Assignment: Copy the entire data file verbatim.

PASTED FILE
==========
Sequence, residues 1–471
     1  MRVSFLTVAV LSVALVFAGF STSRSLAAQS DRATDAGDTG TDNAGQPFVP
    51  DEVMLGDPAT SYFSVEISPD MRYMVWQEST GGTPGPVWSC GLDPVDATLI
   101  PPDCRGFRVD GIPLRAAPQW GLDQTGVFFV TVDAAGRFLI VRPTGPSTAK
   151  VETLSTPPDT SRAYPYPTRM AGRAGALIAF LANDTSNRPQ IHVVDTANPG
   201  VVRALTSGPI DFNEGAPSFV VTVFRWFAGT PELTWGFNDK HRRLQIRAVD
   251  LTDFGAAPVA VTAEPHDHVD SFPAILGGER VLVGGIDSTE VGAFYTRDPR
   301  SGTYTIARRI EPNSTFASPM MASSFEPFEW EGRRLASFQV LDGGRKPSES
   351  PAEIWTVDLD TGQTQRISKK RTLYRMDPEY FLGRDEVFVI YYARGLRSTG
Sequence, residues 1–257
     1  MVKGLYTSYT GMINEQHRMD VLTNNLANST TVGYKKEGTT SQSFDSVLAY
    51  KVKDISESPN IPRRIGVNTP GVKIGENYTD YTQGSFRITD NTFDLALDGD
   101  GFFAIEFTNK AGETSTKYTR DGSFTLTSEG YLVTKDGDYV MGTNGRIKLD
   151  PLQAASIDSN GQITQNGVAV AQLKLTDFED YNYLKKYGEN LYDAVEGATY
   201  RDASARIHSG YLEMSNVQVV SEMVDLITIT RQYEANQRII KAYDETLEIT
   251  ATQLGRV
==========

Sequence, residues 1–471
     1  MRVSFLTVAV LSVALVFAGF STSRSLAAQS DRATDAGDTG TDNAGQPFVP
    51  DEVMLGDPAT SYFSVEISPD MRYMVWQEST GGTPGPVWSC GLDPVDATLI
   101  PPDCRGFRVD GIPLRAAPQW GLDQTGVFFV TVDAAGRFLI VRPTGPSTAK
   151  VETLSTPPDT SRAYPYPTRM AGRAGALIAF LANDTSNRPQ IHVVDTANPG
   201  VVRALTSGPI DFNEGAPSFV VTVFRWFAGT PELTWGFNDK HRRLQIRAVD
   251  LTDFGAAPVA VTAEPHDHVD SFPAILGGER VLVGGIDSTE VGAFYTRDPR
   301  SGTYTIARRI EPNSTFASPM MASSFEPFEW EGRRLASFQV LDGGRKPSES
   351  PAEIWTVDLD TGQTQRISKK RTLYRMDPEY FLGRDEVFVI YYARGLRSTG
Sequence, residues 1–257
     1  MVKGLYTSYT GMINEQHRMD VLTNNLANST TVGYKKEGTT SQSFDSVLAY
    51  KVKDISESPN IPRRIGVNTP GVKIGENYTD YTQGSFRITD NTFDLALDGD
   101  GFFAIEFTNK AGETSTKYTR DGSFTLTSEG YLVTKDGDYV MGTNGRIKLD
   151  PLQAASIDSN GQITQNGVAV AQLKLTDFED YNYLKKYGEN LYDAVEGATY
   201  RDASARIHSG YLEMSNVQVV SEMVDLITIT RQYEANQRII KAYDETLEIT
   251  ATQLGRV